RCA Program Development: Defining Goals and Current Status

Posted by Bruce Ballinger on Thu, Jan 19, 2017 @ 02:01 AM

In our previous blog article, “RCA Program Development: The Key Steps of Designing Your Program”, we provided a high-level outline of the eleven key elements that need to be defined in order to have an effective root cause analysis program in your organization. Now, in a series of articles, we’ll break down each of those eleven key elements into further detail expanding on the important considerations that need to be taken under account, starting here with your goals and your current status. bigstock-Group-of-three-successful-busi-68707195.jpg

  1. RCA Goals and Objective Alignment

So, the first question is, “What are we trying to achieve with the RCA effort?” The answer from an overarching perspective can be found in the organization’s goals and objectives. Every organization, and individual for that matter, has a set of goals and objectives that are used as yardsticks to measure both short and long term performance. It is critically important that the RCA effort be in complete alignment with the organization’s and individuals’ goals and objectives. We do this by using the goals and objectives to guide us in identifying the Key Performance Indicators (KPIs) of the RCA effort and setting the Threshold Criteria (Trigger Diagram) for determining when a formal RCA must be performed. (Learn more about setting Threshold Criteria.) If the alignment is true, then there will be tangible, measurable improvement in goals and objectives achievement over time.

  1. Status of Current RCA Effort

Every organization will have some form of RCA in practice whether it is formalized, or ad hoc. It is worthwhile spending some time assessing the status, or maturity level, of the existing RCA process. Maturity level can be categorized in one of four general categories.

  • Level 1: Learning and Development
  • Level 2: Efficient
  • Level 3: Self-Actualizing
  • Level 4: Pro-Active

Level 1, Learning and Development, is where most organizations without a formalized RCA program find themselves.  Management recognizes a need for a formal problem solving method but the focus is primarily on training. There is little or no structure in place to support the trained facilitators and no well-defined KPIs or threshold criteria guidance. At this stage the organization will usually gain some organizational improvements from the elimination of problems, but in an inefficient "learn as you go" manner.

At Level 2, Efficient, formal RCA triggers and KPIs are in place and are aligned with business goals and objectives in advance of RCA training. This would include clear definitions of RCA roles and responsibilities as well as identification of supporting infrastructure such as RCA status tracking, effectiveness of implemented corrective actions and the like.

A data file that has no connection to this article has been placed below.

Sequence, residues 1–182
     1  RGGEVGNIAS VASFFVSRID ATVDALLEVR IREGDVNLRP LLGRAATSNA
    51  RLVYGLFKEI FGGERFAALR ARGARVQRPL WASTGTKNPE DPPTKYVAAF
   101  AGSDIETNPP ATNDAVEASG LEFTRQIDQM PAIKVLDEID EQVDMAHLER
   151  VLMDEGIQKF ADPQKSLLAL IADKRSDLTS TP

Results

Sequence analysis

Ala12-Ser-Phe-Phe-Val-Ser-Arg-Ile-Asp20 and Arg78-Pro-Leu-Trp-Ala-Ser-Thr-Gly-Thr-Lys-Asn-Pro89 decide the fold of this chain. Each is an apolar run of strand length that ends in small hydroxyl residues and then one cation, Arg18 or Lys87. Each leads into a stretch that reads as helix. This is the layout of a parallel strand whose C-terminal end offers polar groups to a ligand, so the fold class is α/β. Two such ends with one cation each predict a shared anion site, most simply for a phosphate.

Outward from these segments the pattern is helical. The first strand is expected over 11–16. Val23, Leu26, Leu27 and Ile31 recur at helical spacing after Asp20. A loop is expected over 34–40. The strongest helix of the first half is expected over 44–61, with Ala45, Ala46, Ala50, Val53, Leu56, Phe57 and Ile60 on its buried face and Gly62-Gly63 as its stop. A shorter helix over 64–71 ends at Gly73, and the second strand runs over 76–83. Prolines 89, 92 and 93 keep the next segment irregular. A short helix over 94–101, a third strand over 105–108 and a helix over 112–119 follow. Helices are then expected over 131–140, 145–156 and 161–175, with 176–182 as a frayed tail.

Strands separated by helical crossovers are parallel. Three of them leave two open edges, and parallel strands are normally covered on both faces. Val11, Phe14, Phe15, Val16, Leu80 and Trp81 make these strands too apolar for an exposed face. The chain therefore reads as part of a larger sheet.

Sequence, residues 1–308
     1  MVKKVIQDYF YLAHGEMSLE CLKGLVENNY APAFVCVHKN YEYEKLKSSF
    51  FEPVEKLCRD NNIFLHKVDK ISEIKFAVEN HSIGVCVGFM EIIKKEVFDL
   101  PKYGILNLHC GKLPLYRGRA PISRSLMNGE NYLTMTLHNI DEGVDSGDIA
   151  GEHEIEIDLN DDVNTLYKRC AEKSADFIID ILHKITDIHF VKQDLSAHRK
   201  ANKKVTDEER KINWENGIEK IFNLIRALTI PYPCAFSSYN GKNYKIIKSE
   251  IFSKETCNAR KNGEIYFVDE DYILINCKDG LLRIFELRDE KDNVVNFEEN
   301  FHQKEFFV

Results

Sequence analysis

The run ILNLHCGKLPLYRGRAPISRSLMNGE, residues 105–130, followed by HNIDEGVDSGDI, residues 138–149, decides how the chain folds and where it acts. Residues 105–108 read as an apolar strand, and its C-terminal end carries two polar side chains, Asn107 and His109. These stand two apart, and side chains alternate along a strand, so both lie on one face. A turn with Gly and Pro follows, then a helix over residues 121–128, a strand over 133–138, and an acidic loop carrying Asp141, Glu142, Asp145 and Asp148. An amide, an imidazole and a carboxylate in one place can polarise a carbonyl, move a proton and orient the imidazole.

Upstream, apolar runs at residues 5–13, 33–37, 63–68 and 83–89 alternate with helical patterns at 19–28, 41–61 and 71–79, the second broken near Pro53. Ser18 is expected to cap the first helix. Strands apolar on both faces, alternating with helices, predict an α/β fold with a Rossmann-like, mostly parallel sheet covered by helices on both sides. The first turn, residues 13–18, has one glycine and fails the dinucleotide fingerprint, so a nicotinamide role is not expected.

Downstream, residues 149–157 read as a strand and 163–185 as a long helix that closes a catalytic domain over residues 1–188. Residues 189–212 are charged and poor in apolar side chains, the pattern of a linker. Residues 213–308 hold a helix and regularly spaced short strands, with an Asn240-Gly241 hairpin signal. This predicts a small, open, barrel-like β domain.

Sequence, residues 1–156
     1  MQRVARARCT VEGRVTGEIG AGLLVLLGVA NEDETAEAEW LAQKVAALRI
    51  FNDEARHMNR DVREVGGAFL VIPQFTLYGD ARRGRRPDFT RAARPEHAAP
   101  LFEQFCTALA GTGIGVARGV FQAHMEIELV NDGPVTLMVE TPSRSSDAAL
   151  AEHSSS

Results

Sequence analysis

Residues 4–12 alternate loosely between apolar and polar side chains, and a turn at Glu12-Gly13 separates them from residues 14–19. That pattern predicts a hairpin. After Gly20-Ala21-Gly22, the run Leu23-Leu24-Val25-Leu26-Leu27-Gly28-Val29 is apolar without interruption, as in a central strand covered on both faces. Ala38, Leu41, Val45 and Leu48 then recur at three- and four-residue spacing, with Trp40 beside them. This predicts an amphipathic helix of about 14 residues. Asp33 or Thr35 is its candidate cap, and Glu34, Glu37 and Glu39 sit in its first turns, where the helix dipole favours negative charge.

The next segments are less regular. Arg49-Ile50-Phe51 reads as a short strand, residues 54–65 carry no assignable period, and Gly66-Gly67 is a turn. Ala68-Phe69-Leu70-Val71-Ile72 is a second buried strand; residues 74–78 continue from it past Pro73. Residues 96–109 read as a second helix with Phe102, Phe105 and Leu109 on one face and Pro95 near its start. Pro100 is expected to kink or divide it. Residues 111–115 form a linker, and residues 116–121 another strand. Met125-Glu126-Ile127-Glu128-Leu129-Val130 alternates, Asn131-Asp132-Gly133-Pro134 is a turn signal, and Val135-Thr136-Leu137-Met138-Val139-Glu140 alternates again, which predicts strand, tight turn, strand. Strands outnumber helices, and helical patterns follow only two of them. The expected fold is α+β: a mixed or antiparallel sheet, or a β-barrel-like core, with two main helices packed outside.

In the Self-Actualizing level, the effectiveness of the trained problem-solvers has matured through experience. Thus, their ability to solve organizational problems has resulted in a documented achievement of the program KPIs and resulting improvements to the organization’s goals and objectives. The organization is now in the continuous process of tightening the bandwidth of the KPIs to yield greater return to the bottom line. The RCA facilitators are now highly confident, efficient, and effective in eliminating impediments to achieving goals and objectives. 

In the Pro-Active level, your organization has now integrated the RCA process into its core culture. Effective problem elimination is the norm and expected at all levels of the organization. People no longer look to place blame for problems but instead are focused on prevention and elimination. Return on investment for both monetary as well as health/safety/environmental issues is extremely high acting both as gratification and motivation. RCA has become a core competency within your culture whereby people are intolerant of ineffectively solving problems the first time and are finding pro-active ways to use RCA to prevent problems from occurring in the first place.  

There are existing methods or surveys that can be used to determine an organization’s maturity level. Why is this important? Determining your current maturity level draws a line in the sand showing where you started, or took a renewed focus, in this journey of developing your RCA program. You can set goals around where you want to be over a period of time and look back to see how your program has actually evolved.

This article has given you a glimpse into the first two key elements but of course, there is more to setting up your RCA program for success. ARMS Reliability’s RCA experts can assist you with designing your complete RCA program or reinvigorating your current one. This of course includes assisting with determining the status of your current RCA effort and walking you through the process of establishing and aligning goals. Learn more about our recommended facilitated workshop and contact us for more information. 

Stay tuned for the next article in this series.

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Topics: root cause analysis, rca success, RCA Program Development, RCA Program

Actions or Conditions: What is the Difference and Why Does it Matter?

Posted by Jack Jager on Fri, Aug 12, 2016 @ 03:08 AM

One of the four basic principles in the Apollo Root Cause Analysis methodology is that for each effect there are at least two causes and these causes are either actions or conditions. bigstock--133288028_BWCropped.jpg

This principle causes you to think more critically, challenge causal relationships more consistently, and to understand that things are rarely as simple as they may seem.

One implication of this principle is that there should never be a straight line, or even a partial straight line of causes within a cause and effect chart. A straight line tells us that there are other causes that still need to be found or identified, and more questions must be asked.

In each causal connection we should see at least one action cause and one condition cause.

So what are actions and conditions?